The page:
Polar Bear Plunge earned more than $5,000 for Special Olympics
Ted Rupert, general manager of Rupert’s Auto Body in Carson City, once again braved chilled temperatures and the frigid Lake Tahoe water to raise money for the Special Olympics.
Fewer participants showed for this year’s Polar Bear Plunge on Feb. 10 due to the rain and snow, but more than $5,000 was raised.
“Next year, we are going to get each chapter of the Special Olympics in the surrounding areas to join forces in this great cause,” Rupert said. “I am still looking for a brave soul to join me in the plunge, though.”
Special Olympics provides year-round sports training and competition to those with developmental disabilities. Programs are free to all eligible athletes ages 8 and older.
“I would like to thank everyone who donated this year. The money was greatly appreciated by the organization and the parents of Special Olympians,” Rupert said.
• • •
Seniors at the Douglas County Senior Center laughed heartily at the Valentine’s Day celebration on Wednesday.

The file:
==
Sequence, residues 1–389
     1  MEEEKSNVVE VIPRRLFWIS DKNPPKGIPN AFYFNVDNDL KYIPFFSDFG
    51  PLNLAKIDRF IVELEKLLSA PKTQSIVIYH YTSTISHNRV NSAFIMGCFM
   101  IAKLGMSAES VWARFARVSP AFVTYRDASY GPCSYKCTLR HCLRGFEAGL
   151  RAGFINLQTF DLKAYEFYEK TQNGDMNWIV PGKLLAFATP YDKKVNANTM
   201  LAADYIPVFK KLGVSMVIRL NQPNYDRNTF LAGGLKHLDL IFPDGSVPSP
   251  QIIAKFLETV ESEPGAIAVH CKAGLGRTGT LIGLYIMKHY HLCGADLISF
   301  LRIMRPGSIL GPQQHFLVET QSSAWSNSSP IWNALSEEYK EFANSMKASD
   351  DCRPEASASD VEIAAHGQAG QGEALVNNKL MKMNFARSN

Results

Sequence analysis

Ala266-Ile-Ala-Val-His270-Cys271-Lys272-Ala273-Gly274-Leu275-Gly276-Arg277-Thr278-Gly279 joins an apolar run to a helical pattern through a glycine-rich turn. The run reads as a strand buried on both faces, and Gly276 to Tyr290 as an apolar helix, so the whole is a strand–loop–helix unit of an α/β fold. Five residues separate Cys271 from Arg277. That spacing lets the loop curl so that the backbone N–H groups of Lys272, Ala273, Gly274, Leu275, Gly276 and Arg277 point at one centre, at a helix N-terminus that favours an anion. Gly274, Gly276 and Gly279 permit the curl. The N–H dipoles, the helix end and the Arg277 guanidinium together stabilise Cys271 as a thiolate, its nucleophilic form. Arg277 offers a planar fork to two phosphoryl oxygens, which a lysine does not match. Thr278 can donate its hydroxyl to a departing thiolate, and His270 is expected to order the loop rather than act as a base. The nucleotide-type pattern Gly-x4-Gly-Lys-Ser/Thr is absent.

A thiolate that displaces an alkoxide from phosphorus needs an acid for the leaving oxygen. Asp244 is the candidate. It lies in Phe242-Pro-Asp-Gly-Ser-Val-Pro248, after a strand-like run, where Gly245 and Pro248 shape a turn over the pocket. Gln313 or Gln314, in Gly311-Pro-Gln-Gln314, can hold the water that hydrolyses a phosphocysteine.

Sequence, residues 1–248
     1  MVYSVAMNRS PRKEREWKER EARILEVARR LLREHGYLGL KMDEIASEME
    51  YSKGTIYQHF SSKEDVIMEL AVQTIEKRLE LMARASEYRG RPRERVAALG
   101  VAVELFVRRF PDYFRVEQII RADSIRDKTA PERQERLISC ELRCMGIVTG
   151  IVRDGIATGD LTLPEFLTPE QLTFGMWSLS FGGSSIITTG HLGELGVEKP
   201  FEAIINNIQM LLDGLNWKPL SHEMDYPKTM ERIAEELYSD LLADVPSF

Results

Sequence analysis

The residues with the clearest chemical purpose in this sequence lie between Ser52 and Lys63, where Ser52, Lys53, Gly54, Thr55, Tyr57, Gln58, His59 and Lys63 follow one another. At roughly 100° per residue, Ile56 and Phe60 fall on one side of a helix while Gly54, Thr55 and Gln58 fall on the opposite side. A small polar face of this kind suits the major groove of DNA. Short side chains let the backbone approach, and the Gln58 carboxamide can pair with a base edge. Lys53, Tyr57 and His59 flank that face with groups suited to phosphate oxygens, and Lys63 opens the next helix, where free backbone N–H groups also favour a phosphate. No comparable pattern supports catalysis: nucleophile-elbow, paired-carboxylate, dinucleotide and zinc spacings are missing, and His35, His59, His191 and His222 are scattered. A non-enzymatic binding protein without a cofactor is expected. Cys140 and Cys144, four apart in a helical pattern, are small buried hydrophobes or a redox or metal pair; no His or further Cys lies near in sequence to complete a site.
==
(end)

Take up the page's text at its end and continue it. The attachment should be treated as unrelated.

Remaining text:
When senior services supervisor Warren Bottino announced they were going to play the “Not So Newlywed Game,” he had three couples volunteer to go to the test.
When Bottino asked a question, both husband and wife were given the opportunity to write the answer on a card, then their answers were compared.
When he asked everyone where they had their first kiss together, most of them answered, “In the car.”
He asked the women what was the last meal their husband made for them.
Betty Miller, an onlooker who organizes the center’s Alzheimer’s support group, said that question used to be more pertinent than it is now.
“I will say in my generation the men didn’t cook that much, but they’ve learned to cook and do the wash,” Miller said.
“What one item of your husband’s would you throw away if you had the chance,” Bottino asked the women.
Lots of laughs ensued with answers like “old pants.”
George Adams said his wife would throw away his memory.
In the end, all the couples were winners, taking home a heart-shaped box of candy – Helen and George Adams, Dee and Jerry Rasmussen and Harriet and Howard Althouse.
Secret Witness turns 40 this year – and it’s helped solve many of Northern Nevada’s most violent crimes
Secret Witness tips have played a pivotal role in solving some of the most violent crimes the greater Northern Nevada region has seen. To date, Secret Witness has paid out more than $300,000 in rewards to anonymous tipsters. Rewards range from $50 (graffiti/tagging) to $1,500 (armed robbery) to $2,500 (murder).